Apparently, veiling is bad. Or at least, that’s what many of the comments on Confessions of a Pagan Soccer Mom‘s coverage of the 1st annual Covered in Light Day let on. It also seemed to me a minor negation of this post about Pagan “fundamentalism”. This is what I get for actually spending time over at Patheos, I guess.
Back to veiling, though.
As an Arabic linguist and analyst who extensively covered Mid-East politics, culture, and religion, as well as living a mere 6 miles from Dearborn, MI (the largest concentration of Arabs outside the Middle East, where the show All American Muslim is filmed), I’ve encountered veiling. A lot. I have to say, I’m really quite attracted to a woman in a veil, but then those that veil, in my experience are generally the nice, quiet religious types I usually go for (my girlfriend is a practicing Catholic). Never have I met a woman who veils because she was forced to. Yes, I have seen news reports about the rare incident of this happening, but those reports generally accompany news of honor killings and family dysfunction.
It is interesting that a simple, non-intrusive personal practice can get people so riled up, but I guess when you touch that one little nerve, some folks just go off. Maybe it’s a liberal versus conservative fight, though that just seems too simple, like a cop-out answer. Maybe it’s a traditionalist versus progressive fight, but even then, that boils down to essentially the same thing as the previous argument.
Either way, I feel that veiling has a valuable place in our pagan culture. In my mind at least, it conjures up a romanticized notion that the veiled woman is taken, if not in marriage than by her god or goddess. Is it submission? Maybe. I also view it as armor. It is an aspis against the world, a safe-haven for one’s peace of mind. There’s also a certain class to the veil. Something that says, “I don’t need to show off my body”. In this world where sex sells everything, it’s kind of nice to see someone who consciously avoids flaunting it.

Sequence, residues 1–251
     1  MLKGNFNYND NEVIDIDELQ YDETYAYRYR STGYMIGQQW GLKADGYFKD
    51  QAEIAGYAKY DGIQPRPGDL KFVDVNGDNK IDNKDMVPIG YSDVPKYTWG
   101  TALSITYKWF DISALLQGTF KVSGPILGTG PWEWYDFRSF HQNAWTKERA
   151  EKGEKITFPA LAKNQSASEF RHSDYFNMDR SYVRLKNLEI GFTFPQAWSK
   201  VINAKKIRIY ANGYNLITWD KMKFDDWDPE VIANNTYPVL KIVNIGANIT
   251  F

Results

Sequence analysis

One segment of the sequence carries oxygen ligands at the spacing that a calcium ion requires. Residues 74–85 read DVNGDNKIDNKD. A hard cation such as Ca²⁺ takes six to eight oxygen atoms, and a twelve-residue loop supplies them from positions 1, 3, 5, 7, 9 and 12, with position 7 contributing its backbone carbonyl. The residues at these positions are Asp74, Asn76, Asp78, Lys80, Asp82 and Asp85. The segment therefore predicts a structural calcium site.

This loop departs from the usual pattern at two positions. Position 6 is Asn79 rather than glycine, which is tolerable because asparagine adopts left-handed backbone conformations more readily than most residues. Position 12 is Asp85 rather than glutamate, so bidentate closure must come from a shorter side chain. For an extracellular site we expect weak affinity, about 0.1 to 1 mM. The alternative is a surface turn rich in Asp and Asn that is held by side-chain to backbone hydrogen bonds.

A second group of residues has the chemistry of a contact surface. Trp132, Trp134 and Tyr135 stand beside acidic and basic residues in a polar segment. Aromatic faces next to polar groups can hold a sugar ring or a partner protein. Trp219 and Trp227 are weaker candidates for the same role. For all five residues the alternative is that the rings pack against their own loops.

And you know what, covering up isn’t just for women. For a very long time, gentlemen wouldn’t be caught dead outside without some form of hat. This tradition is maintained in the military, where one never removes their cover (headgear)outside, except for where doing so might be dangerous, such as on a flight line. I myself prefer to at least wear a hat when I wear a suit, whether it be my fedora (a real one, such as those worn in the 50′s) or, for very special occasions, my top hat. Truth be told, I own more hats than shoes, and not a single one is a baseball cap.
The whole hubub reminds me of one of my favorite scenes in the Seven Against Thebes. On the shield (an aspis/hoplon) of Polyneices, a veiled Dike leads Ares, clad in gold armor. This leads Eteocles to realize his father’s curse is finally upon him– he must now kill his brother, as Justice brings the curse of War to his gate. Doesn’t sound like oppression to me (at least for Dike).
Anyway, to make this long rambling short, Aspis of Ares supports Covered in Light day, and this warrior will be glad to relieve the role of Dike, and stand before the van in defense of those women, Pagan or otherwise, who choose to don the veil.